I enjoyed Quammen’s Spillover more than this book, but that’s not to say this wasn’t an interesting read too. In a similar way to Spillover, Quammen takes the reader on a tour of the world. He doesn’t just report on predators from afar, but goes to get close up and personal with them, and with the people who’ve really spent time in their environment. It’s still a little difficult to believe he could understand these animals or even that way of life with such short exposures, but he did his research and spoke to the people who did know, which puts him ahead of people who theorise from afar.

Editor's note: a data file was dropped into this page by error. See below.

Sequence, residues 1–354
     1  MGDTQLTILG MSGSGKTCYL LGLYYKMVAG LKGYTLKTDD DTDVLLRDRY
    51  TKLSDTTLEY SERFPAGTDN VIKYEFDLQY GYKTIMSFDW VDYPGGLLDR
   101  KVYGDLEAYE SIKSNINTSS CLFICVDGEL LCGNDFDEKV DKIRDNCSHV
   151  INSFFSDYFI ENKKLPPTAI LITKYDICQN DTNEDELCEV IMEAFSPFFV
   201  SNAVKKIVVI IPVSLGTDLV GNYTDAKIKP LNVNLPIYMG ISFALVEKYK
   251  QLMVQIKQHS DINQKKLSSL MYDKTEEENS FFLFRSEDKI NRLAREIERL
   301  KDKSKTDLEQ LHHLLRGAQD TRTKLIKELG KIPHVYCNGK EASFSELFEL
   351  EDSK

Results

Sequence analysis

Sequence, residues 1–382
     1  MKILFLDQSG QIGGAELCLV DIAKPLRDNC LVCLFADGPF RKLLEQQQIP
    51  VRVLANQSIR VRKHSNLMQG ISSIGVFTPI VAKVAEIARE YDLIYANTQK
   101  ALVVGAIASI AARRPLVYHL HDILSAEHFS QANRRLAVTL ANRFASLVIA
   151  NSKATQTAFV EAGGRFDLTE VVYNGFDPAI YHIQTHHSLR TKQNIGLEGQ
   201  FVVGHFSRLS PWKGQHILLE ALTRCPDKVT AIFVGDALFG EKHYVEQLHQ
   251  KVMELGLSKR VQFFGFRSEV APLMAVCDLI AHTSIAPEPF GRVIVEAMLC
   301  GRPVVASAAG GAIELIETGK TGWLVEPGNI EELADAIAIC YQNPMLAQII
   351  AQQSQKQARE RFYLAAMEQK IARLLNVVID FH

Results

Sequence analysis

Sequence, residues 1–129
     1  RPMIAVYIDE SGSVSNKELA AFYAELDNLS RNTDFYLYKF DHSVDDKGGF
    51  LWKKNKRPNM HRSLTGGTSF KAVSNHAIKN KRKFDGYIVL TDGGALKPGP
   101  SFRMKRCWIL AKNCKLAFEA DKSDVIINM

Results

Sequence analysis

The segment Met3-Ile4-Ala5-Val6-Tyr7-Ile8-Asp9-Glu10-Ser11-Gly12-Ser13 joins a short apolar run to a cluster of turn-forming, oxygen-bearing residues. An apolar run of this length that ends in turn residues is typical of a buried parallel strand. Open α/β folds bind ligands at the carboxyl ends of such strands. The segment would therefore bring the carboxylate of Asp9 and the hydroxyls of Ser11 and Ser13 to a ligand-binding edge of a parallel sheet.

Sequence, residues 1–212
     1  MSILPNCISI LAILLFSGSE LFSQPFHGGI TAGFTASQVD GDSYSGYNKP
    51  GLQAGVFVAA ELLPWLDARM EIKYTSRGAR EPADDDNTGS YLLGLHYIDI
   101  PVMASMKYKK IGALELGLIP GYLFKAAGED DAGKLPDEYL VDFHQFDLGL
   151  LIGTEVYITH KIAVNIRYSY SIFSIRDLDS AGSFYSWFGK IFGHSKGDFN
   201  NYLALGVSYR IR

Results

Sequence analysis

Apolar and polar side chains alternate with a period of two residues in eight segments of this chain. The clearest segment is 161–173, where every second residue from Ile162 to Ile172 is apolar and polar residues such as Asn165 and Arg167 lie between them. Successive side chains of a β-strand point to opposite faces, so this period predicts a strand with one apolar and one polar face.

What I liked particularly about this one was that he pulled in threads of literature, history, sociology… all kinds of ways of understanding the complex impact alpha predators have on us, and the impact we have on them. It’s obviously very human-centric still: all of these alpha predators have been impacted by human encroachment on their territory. I don’t know if there’s any alpha predator in the world not feeling human pressures, but the relationship seemed particularly close/fraught here, with the animals Quammen picked.
It’s a bit of a dense read, but still interesting.